Your search for 'dc_creator:( "Hofhansl, Ernst W." ) OR dc_contributor:( "Hofhansl, Ernst W." )' returned 11 results. Modify search

Sort Results by Relevance | Newest titles first | Oldest titles first

Liturgy of the Hours

(3,593 words)

Author(s): Häußling, Angelus A. | Hofhansl, Ernst W. | Meßner, Reinhard | Plank, Peter | Kreuels, Matthias
[German Version] I. History – II. Liturgical Practice – III. Catholicism – IV. Orthodox Church – V. Protestantism – VI. Music I. History Praying “at all times” reflects belief in a God who is always present as Lord of every time and all time. The Early Church continued the practice of Israel, but soon enriched the anamnestic remembrance of God's saving work at certain times (deliverance in the morning, preservation of the creation in the evening) with the remembrance of experiences of salvation in the life of th…

Liturgical Formulae

(242 words)

Author(s): Hofhansl, Ernst W.
[German Version] Liturgical formulae (see also Formulas, Liturgical) can be brief acclamations consisting of a single word such as amen, formulaic responses and affirmations, or longer penitential or credal formulae. Doxologies (III) and eulogies can ¶ lead to hymnic development as well as sacramental formulae (benedictions, blessings). The significance of such formulae includes both their association with the liturgical tradition of the Jewish covenant people and undivided Christianity and their linguistic role in forming the ide…


(8,094 words)

Author(s): Hofhansl, Ernst W. | Meßner, Reinhard | Schattauer, Thomas H. | Praßl, Franz Karl
[German Version] I. Historical Development – II. The Roman Mass – III. The Mass and Protestant Worship – IV. Music I. Historical Development The roots of the mass go back to Jewish communal meals and New Testament accounts of Jesus' table fellowship (Eucharist/Communion) with his followers from different backgrounds, including sinners and outsiders. Finally his instruction to “do this in remembrance of me” points to future consummation beyond death. The structure of remembrance ( zakar) means more than just recollection; it brings the salvation wrought through Chr…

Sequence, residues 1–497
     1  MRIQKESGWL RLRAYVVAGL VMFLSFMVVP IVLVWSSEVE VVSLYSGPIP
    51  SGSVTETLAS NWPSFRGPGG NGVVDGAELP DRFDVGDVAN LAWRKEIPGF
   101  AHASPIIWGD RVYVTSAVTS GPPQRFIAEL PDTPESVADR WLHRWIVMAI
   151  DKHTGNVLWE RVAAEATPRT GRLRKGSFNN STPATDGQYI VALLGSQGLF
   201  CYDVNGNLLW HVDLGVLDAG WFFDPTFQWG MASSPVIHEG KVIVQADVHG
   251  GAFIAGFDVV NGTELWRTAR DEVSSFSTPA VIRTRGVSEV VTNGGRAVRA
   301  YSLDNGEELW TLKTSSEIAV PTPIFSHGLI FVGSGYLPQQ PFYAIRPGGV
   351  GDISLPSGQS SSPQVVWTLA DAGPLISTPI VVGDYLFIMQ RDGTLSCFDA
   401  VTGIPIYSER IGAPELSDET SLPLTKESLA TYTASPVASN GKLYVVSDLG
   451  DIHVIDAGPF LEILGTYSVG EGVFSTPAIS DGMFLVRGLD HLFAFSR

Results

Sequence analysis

(802 words)

Author(s): Hochegger, Hermann | Hofhansl, Ernst W.
[German Version] I. Religious Studies – II. In Christian Worship I. Religious Studies Ritual gestures are among the oldest elements of human religious faith and behavior. Prehistoric burial objects, objects from cultic sites and rock paintings (Prehistoric Art) attest to the oldest ritual communication in the history of religion. In order to understand the complex symbolic language of gestures, the rich ritual symbolism of still living non-literate peoples must be analyzed. Especially in the tropical zones…

Marriage Ceremonies

(4,074 words)

Author(s): Idelberger, Petra | Grethlein, Christian | Hofhansl, Ernst W. | Steck, Wolfgang | Winter, Jörg | Et al.
[German Version] I. History of Religion – II. Church History – III. Practical Theology – IV. Liturgics – V. Law – VI. Orthodox Church – VII. Judaism – VIII. Islam I. History of Religion In Christendom marriage was considered a secular act until well into the Middle Ages, before it was declared a sacrament in 1184. Many religions view marriage as a religious duty, and nuptial rites (Rites of passage; see III below) often have sacral character, but civil marriages are also obligatory in certain countries. Regulations gover…

Liturgical Space

(468 words)

Author(s): Hofhansl, Ernst W.